April is National Donate Life Month

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Organs are systems of cells and tissues that perform important tasks, like breathing or eliminating waste.  As we age, our organs deteriorate – especially the heart, lungs and kidneys.  It’s possible for a person to be relatively healthy, while sickness or disease or genes may ravish an organ.  Depending on which organ it is, life-sustaining measures may be required to improve your health.  If your kidneys are diseased or damaged for example, dialysis can help a person with kidney damage; but not without risk. A person on dialysis has a higher risk of cardiovascular disease because the process can reduce the amount of antioxidants that normally fight toxins within the body.

Sadly, the only solution for certain individuals with severely damaged organs is a transplant.  Unfortunately, healthy organs aren’t easy to come by.  More than 100,000 men, women and children currently require life-saving transplants.  More than half of those people will wait longer than one year.   Every 11 minutes, another name is added to the National Organ Transplant Waiting List.  On average, 18 people die each day due to the lack of organs available for transplant.  Each organ has its own list.  The one thing that all lists have in common is a shortage of healthy organs.

A person who provides an organ is called a donor, whether they’re alive or dead. The person receiving the organ to be transplanted is the recipient, and the process of collecting an organ from a donor is known as retrieval or procurement.  Almost anyone in good health can donate an organ.  People with cancer, HIV or disease-causing bacteria in the bloodstream or body tissues are not permitted to donate.  Experts decide whether an organ is fit for use at the time of the donor’s death.  If the donor is living, the final decision is made during the process leading up to the donation.

National Donate Life Month (NDLM) was instituted by Donate Life America and its members in 2003 to help address this tragic situation. In 2010, President Obama officially proclaimed April as National Donate Life Month and called upon “health care professionals, volunteers, educators, government agencies, faith-based and community groups, and private organizations to join forces to boost the number of organ, tissue, blood, and stem cell donors throughout our Nation.”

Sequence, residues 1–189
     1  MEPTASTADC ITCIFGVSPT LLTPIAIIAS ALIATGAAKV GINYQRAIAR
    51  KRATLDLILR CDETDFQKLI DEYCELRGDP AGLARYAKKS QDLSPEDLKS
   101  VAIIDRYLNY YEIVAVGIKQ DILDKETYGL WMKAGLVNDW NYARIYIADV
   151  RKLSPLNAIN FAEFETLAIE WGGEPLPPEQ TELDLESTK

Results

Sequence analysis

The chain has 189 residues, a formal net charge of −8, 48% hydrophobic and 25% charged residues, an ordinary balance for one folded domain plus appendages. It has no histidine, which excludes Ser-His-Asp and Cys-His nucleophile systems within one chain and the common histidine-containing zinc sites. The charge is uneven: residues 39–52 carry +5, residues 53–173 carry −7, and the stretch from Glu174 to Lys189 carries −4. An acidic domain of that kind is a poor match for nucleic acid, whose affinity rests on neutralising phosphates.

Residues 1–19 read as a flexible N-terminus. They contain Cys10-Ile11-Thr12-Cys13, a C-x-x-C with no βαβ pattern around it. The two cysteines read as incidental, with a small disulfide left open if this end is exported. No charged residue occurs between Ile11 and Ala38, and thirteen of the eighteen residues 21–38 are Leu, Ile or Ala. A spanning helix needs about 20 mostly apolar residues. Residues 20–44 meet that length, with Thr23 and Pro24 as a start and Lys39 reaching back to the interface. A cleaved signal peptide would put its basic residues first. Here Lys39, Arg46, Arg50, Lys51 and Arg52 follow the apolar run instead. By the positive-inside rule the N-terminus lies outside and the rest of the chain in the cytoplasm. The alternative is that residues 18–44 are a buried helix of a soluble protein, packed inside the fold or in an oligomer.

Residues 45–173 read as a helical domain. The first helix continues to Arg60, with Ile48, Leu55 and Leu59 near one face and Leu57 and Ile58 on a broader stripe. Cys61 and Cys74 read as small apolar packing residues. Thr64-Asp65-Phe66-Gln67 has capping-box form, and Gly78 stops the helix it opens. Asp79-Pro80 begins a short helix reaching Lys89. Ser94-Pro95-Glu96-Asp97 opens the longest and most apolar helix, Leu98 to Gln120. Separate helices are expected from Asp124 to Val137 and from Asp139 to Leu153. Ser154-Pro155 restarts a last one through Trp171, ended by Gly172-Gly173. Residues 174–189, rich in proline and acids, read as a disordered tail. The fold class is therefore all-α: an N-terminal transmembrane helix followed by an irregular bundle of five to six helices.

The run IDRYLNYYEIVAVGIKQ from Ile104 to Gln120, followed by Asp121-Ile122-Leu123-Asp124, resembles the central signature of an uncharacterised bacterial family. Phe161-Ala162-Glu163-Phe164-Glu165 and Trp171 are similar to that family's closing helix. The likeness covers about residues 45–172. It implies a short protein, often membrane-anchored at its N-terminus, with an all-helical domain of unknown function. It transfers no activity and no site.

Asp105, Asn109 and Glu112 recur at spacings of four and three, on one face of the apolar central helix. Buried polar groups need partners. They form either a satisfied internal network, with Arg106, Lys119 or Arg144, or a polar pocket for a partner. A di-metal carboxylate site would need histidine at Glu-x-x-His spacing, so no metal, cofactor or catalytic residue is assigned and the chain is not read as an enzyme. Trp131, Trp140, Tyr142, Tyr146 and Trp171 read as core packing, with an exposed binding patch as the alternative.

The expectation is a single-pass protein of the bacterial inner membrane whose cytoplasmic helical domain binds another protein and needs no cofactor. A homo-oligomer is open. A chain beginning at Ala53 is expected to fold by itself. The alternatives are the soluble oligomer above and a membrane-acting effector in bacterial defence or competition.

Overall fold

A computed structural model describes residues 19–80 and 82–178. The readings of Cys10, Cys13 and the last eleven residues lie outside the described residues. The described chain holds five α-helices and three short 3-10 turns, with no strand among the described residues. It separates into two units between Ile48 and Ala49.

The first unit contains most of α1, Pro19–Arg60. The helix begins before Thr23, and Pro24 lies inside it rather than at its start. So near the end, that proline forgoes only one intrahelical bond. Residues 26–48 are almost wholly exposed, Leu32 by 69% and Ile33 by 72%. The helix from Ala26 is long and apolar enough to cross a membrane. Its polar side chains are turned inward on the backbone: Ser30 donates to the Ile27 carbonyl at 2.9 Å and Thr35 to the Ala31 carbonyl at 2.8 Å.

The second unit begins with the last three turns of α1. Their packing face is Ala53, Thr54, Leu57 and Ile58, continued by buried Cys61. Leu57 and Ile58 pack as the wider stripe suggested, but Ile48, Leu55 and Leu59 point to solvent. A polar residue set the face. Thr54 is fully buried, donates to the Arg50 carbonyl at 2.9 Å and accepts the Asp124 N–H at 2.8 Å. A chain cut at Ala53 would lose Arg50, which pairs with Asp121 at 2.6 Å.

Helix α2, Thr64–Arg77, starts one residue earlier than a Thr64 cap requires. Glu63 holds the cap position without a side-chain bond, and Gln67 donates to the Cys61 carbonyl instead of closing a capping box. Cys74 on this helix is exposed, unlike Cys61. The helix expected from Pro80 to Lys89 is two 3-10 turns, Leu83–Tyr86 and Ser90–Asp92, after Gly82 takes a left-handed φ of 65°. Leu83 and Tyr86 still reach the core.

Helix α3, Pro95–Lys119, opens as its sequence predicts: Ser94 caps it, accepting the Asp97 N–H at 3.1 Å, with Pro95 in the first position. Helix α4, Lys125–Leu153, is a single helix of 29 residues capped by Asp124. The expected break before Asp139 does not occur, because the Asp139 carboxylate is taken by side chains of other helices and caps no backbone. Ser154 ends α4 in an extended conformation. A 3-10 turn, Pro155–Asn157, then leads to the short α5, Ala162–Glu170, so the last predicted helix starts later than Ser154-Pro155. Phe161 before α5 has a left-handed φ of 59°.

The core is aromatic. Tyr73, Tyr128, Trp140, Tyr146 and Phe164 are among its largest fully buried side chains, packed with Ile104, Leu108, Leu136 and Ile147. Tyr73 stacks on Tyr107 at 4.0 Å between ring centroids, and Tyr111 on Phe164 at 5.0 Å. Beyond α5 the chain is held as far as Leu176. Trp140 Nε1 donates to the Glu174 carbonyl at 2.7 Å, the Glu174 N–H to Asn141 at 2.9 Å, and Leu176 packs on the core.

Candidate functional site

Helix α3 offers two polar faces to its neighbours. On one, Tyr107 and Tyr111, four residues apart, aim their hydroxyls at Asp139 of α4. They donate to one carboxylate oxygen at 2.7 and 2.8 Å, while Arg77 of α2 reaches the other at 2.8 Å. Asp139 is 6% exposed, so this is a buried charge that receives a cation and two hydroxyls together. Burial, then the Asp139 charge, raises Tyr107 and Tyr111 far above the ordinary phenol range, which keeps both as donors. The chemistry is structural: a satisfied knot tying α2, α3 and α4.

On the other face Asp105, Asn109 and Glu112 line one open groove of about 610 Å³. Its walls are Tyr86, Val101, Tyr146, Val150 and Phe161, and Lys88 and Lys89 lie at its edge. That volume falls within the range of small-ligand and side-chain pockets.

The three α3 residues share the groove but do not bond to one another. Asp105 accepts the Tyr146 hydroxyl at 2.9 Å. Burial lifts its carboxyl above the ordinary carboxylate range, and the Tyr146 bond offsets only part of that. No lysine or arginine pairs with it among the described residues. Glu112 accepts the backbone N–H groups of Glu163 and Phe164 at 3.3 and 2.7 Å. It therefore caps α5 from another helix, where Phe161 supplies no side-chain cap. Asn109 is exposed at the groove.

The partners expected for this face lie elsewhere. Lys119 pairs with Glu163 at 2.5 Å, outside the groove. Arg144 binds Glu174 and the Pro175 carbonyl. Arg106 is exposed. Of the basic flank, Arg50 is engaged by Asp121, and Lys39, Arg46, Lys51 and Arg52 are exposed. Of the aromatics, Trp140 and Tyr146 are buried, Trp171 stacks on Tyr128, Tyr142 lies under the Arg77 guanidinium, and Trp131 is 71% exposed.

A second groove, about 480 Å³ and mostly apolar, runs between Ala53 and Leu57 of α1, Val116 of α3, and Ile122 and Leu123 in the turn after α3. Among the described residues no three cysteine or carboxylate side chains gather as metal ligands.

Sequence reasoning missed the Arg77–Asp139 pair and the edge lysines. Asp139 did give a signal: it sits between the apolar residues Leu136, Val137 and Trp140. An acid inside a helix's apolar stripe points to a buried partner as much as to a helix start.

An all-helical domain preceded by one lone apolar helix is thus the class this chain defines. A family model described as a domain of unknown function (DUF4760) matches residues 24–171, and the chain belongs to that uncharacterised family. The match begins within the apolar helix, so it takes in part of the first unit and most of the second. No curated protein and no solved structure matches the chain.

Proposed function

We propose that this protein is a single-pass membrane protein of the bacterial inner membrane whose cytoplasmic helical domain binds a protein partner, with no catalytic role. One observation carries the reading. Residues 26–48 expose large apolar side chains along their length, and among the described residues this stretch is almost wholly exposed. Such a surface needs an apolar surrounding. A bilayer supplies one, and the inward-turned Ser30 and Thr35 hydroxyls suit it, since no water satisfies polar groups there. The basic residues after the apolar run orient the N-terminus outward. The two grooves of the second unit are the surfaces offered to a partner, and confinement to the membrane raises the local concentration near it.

As an estate planning attorney, I am well aware of the stress families endure while waiting for a loved one to receive a life-saving organ transplant.  When the organ(s) needed are unavailable, the anguish they suffer is heart wrenching.  At Parrish Law, we welcome National Donate Life Month.  If you desire to be a donor and you haven’t made your wishes knows, or if you’ve only put it on your driver’s license, I want to encourage you to fill out an organ donor card to nail down your desire to help others.

I would also like to acknowledge the efforts of participants in the 6th annual National Healthcare Decisions Day, which falls on April 16th.  Both of these initiatives create public awareness about the need for proper planning and the value of properly communicating your health care wishes.

While all advanced directives, including organ donations, are deeply personal decisions, I can’t stress enough the importance of making all of your wishes known in advance.  Sit down with your loved ones while you can to discuss your/their wishes.  It’s much easier when it’s a team effort and everyone’s feelings and wishes are considered and honored.  Next, make sure everything is legal and easy to access during an emergency or in the event of incapacity.  You don’t want to wait until an elderly parent is in the hospital, near death’s door, to figure out what they would want.  If you would like to create a good plan, or you need to make some changes to your existing plan and/or advance health directives, please contact my office at (408)741-3500.  We are here to assist you in any way that we can.

 

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